Allowing same-sex marriage ‘reduces prejudice against gay people’

Legalising same-sex marriage reduces prejudice against gay people, according to new research.

The study of evolving attitudes toward same sex marriages in the United States found that legalisation had a “significant” impact on reducing anti-gay bias.

In states where prejudice against same-sex marriage was in decline already, the study found legalising it doubled the rate of the decline.

But in states where the legalisation of same-sex marriage was rejected, anti-gay feelings increased after the Supreme Court ruled it was legal country-wide.

Researchers say the findings provide evidence that public policy can shape social norms and change individuals’ attitudes.

The study, by researchers from McGill University in Canada, focused on US States as they legalised gay marriage and the subsequent changes in attitudes.

In 2004, Massachusetts became the first US state to legalise same-sex marriage.

In the following years, 34 other states and Washington DC would follow suit before the Supreme Court ultimately ruled, in June 2015, that same-sex couples could marry nationwide.

Since then, polls have suggested that support for same-sex marriage has steadily increased.

Study senior author Professor Eric Hehman, who specialises in how individuals perceive one another and how stereotypes and biases influence behaviour, set out to measure whether and how state legislation had an impact on anti-gay bias.

He said: “The idea that norms shape attitudes has been around in social psychology for many years.

“We wanted to measure if laws and policies can also act as norms and potentially change deeply rooted biases.”

Since same-sex marriage was legalised in different states over the course of 11 years, Hehman’s team was able to map trends in anti-gay bias during this period.

By analysing responses at Project Implicit – a website launched in 2002 that measures biases of respondents – Eugene Ofosu, a graduate student working with Prof Hehman, examined changing regional anti-gay biases of about one million respondents over a 12-year period.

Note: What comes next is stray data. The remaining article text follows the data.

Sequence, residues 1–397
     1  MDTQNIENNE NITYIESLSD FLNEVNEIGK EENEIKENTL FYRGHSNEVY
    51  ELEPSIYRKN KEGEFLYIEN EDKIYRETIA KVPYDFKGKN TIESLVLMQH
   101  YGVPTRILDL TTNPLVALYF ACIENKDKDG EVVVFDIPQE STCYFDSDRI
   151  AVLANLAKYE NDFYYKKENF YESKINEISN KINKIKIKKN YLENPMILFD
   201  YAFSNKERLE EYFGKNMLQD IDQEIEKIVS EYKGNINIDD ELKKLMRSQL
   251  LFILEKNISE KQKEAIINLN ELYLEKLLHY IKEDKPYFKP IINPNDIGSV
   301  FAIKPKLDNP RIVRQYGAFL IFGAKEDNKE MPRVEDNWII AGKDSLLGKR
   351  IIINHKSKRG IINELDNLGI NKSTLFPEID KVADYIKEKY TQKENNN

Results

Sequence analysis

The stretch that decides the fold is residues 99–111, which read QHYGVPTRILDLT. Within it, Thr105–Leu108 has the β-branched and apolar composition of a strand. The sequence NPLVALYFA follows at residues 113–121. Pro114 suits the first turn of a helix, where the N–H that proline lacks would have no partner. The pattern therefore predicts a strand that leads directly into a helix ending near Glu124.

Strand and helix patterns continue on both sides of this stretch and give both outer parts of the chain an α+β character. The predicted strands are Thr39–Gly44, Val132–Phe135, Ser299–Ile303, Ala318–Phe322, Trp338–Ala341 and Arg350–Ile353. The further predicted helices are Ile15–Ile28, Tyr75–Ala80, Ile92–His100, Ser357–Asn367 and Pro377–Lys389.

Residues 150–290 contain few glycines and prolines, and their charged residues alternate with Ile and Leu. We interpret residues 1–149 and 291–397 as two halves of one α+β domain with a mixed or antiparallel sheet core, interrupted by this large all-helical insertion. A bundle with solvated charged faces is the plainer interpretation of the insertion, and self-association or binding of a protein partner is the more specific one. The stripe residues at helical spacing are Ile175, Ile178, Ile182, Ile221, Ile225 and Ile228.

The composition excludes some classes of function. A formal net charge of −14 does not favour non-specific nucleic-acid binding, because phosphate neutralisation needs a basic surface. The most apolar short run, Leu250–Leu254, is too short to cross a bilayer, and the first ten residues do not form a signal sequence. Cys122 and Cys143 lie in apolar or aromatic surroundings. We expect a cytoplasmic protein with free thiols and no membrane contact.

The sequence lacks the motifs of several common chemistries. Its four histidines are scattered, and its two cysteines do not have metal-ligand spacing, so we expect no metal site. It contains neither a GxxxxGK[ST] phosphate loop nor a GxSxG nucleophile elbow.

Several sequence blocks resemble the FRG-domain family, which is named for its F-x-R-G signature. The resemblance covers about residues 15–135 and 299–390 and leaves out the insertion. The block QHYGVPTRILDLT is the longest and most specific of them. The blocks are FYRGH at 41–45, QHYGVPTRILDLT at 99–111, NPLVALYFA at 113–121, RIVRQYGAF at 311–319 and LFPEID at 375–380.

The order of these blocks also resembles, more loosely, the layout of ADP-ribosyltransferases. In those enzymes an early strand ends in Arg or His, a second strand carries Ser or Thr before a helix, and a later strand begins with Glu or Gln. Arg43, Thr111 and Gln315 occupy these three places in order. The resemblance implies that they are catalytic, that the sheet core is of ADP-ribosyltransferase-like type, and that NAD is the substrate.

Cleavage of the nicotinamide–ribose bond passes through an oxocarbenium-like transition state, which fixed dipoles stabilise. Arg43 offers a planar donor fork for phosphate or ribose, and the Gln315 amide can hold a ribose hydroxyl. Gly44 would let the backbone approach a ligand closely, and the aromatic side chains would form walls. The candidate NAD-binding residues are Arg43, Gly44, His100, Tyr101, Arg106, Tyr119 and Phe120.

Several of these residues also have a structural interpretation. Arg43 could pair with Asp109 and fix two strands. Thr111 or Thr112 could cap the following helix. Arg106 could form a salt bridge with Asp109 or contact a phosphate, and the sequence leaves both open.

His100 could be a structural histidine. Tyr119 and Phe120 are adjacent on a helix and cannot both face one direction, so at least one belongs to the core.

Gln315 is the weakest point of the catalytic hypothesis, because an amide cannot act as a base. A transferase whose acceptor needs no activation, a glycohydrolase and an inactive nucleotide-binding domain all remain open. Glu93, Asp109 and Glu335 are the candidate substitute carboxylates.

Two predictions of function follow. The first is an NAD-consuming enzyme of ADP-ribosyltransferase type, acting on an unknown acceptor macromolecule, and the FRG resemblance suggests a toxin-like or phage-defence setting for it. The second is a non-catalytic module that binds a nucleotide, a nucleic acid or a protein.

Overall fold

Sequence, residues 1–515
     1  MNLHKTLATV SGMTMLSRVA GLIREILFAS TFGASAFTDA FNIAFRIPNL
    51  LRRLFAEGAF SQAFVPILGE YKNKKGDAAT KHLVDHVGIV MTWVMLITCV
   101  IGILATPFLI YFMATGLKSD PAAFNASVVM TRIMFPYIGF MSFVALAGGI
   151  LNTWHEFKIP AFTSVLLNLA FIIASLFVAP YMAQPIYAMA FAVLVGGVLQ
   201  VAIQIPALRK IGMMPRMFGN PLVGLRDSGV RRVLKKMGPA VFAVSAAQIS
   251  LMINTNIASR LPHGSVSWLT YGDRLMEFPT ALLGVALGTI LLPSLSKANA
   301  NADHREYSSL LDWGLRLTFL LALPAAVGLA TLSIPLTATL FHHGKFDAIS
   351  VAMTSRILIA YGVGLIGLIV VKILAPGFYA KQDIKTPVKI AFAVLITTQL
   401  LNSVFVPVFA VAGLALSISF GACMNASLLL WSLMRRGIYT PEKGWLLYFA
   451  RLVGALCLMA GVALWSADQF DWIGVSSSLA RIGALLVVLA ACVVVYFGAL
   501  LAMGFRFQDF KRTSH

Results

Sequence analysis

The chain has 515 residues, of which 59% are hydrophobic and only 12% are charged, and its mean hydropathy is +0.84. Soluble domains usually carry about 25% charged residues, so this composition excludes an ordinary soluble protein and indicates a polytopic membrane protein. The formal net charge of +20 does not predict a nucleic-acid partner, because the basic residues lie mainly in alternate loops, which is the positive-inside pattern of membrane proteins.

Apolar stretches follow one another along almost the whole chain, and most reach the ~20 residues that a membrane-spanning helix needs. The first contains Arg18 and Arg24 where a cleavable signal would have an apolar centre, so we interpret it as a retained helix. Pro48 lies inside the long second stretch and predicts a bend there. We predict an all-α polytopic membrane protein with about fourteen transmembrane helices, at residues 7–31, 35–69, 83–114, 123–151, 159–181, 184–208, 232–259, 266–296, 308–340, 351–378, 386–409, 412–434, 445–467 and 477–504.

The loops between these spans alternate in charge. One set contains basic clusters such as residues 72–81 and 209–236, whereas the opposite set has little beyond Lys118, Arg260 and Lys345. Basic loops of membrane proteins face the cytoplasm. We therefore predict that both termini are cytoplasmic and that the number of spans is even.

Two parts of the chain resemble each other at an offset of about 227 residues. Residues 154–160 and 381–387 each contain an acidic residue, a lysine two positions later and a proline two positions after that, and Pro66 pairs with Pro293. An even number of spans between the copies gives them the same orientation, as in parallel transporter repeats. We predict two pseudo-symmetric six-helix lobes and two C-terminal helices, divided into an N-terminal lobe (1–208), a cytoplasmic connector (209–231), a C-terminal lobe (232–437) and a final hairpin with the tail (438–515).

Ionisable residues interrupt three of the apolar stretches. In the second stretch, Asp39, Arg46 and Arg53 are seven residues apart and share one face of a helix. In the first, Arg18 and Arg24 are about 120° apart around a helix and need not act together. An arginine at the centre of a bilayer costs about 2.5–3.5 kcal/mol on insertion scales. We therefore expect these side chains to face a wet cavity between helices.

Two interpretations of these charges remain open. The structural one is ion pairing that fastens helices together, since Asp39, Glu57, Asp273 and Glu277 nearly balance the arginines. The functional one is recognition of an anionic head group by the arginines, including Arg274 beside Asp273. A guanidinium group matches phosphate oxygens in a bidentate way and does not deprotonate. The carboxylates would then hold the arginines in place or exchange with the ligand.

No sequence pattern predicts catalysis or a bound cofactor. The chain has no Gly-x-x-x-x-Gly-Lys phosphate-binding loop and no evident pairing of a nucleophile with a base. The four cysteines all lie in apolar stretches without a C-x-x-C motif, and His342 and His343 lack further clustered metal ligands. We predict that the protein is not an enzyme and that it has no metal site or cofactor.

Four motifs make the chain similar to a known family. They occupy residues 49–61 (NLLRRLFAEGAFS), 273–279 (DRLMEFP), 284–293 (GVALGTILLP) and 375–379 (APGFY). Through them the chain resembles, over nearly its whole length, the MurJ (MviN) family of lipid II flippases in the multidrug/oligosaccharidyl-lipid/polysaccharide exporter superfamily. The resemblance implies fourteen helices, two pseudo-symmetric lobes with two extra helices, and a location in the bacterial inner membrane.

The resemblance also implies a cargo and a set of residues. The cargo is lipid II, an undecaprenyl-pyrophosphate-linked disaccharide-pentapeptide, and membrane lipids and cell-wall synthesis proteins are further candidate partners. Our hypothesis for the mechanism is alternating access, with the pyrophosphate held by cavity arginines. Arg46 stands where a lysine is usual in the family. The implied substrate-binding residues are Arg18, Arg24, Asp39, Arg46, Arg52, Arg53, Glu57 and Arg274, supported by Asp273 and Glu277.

The researchers compared these trends before and after state-level legalisation of gay marriage in each state.

Though implicit and explicit bias against the gay community was decreasing or stable prior to same-sex marriage legalisation, the researchers found that legislation supportive of this marginalised population caused anti-gay bias to decline at roughly double the previous rate.

In the 15 states that did not pass same-sex marriage legalisation locally by contrast, Hehman found a “backlash effect.”

In those states, anti-gay bias increased in the immediate aftermath of the Supreme Court ruling making gay marriage legal nation-wide.

Prof Hehman said that one possibility is that even though attitudes were shifting toward more acceptance of same-sex marriage, a tipping point of support had not yet been reached in those states for the majority to accept the federal ruling.

The study also suggested that attitudes and legislation may be mutually reinforcing – evolving attitudes toward same-sex marriage may have been the force behind both state and federal legalisation.

Prof Hehman said: “In other words, representative governments can contribute to and/or intensify change in the attitude of citizens by passing legislation.

“We have some evidence that the laws caused this changed in bias, but it is possible the effect goes in both directions.”

The findings were published in Proceedings of the National Academy of Sciences (PNAS).

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